Three Burrowing Owls at Zanjero Park in Gilbert, 4/28/12.
The Desert Rivers Audubon chapter, the Town of Gilbert and Wild at Heart have partnered to develop a new Burrowing Owl habitat at Zanjero Park. This site is intended as a home for relocated/rescued Burrowing Owls. It also has perimeter burrows for local Burrowing Owls, or perhaps for the offspring of the relocated inhabitants.
This morning, the tent sheltering 5 male and 5 female BOs was removed after several weeks' acclimation period. It is hoped that these owls will pair up and make the man-made burrows their permanent homes. Already, one pair has an egg in a burrow, based on a videoscoping report. But at this point, human interventions recede and the owls are mainly to be observed.
I went to the park at sunset this evening for my first visit, expecting other owl nerds to be there, but I had the place all to myself! With my trusty 70-300mm zoom, I was able to get photos from the path without getting too close to the owls. Still, they were obviously aware of my presence.
Hopefully, as they become more accustomed to their new digs, they will feel safe to move about their habitat more. It's a lovely little desert park. And their burrows are very functional, but not terribly photogenic!
Townsend's Warbler at Coon Bluff along the Salt River, 4/27/12.
I believe this is my first sighting ever of a Townsend's Warbler, and its unfamiliar song drew my attention before I spotted it. It stayed high in the mesquite trees, so this is my best shot of the full bird, good enough to verify the ID.
Gambel's Quail female on the back fence, through the window on this gloomy afternoon, 4/25/12.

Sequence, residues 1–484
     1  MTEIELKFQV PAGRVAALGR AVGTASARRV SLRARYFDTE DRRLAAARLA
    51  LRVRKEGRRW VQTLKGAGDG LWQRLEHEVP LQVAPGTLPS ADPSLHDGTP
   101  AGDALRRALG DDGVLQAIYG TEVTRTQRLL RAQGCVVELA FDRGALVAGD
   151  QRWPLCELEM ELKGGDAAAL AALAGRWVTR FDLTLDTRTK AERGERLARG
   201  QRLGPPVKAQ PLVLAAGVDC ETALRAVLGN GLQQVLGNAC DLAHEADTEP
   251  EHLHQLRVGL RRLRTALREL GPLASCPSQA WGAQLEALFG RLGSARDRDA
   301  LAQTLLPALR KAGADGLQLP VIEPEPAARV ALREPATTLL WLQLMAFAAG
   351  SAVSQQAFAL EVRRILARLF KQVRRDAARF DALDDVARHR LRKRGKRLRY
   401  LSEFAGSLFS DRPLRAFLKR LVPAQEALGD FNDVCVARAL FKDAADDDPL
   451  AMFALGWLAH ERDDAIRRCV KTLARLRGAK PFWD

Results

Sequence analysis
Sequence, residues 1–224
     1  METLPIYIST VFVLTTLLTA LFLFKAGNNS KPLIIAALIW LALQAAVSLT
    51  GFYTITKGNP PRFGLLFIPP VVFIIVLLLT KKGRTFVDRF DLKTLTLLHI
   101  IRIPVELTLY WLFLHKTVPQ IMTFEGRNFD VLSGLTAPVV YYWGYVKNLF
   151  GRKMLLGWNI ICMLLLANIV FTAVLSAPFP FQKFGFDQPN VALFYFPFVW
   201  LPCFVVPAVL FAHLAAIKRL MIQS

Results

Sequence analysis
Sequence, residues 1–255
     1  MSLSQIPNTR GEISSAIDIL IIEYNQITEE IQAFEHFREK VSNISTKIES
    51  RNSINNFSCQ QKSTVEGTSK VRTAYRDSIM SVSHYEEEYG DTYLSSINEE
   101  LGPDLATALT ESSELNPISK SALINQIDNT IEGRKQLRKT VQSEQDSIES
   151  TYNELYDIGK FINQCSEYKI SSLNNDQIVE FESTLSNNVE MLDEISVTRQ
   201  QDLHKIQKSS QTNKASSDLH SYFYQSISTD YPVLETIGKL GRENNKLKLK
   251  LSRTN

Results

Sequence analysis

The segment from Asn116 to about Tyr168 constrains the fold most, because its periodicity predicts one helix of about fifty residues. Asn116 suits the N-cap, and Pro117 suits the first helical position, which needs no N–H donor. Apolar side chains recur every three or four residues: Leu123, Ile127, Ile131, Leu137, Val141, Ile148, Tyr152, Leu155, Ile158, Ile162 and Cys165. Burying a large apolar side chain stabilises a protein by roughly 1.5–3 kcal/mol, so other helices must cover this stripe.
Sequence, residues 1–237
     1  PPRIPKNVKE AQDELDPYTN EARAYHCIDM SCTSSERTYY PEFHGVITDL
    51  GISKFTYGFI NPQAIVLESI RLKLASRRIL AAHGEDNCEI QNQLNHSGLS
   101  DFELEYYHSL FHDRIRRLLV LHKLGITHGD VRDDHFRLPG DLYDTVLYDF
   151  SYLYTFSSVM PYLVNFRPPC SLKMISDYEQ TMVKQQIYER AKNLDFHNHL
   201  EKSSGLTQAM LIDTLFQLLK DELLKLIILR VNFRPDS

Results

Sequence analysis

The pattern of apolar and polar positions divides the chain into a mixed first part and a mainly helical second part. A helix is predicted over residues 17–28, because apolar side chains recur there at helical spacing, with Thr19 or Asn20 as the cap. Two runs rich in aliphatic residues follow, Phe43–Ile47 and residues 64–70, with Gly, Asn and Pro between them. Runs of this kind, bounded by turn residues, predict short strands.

Although I've heard reports that quail babies have been spotted elsewhere in the Phoenix area, I haven't seen any yet in our neighborhood. But they should be appearing in the next month or so. Meanwhile, I love seeing the delicate beauty of the quail females, so elegant compared to their flashy mates.
Green-tailed Towhee along the Wildflower Trail at Desert Botanical Garden, 4/24/12.
Green-tails are another species that induce me to stand and watch, hoping one will finally pop out of the shadows long enough for its beautiful coloring and markings to be captured and appreciated.
This one stayed in the shade, but you can see from its surroundings how well nature has colored it to blend into its preferred foraging grounds under trees and shrubs. If not for its quick hopping dance, it might well go unnoticed.
Mom Vermilion Flycatcher feeding her babies, Coon Bluff, 4/22/12.
This is the nest where the mom was weaving in fishing line last week. I hope it's well buried so the babies don't get caught in it.
As I was taking photos, I couldn't even see the tiny beaks, but Dad Vermilion had been bringing bugs to Mom so I knew she was feeding them. (Binocs vs camera? Photos come first!)
This photo also shows how well-camouflaged the female appears when on the nest -- her orange tummy color is hidden from view, and her back & head color blends with the tree bark. Mother Nature is pretty clever.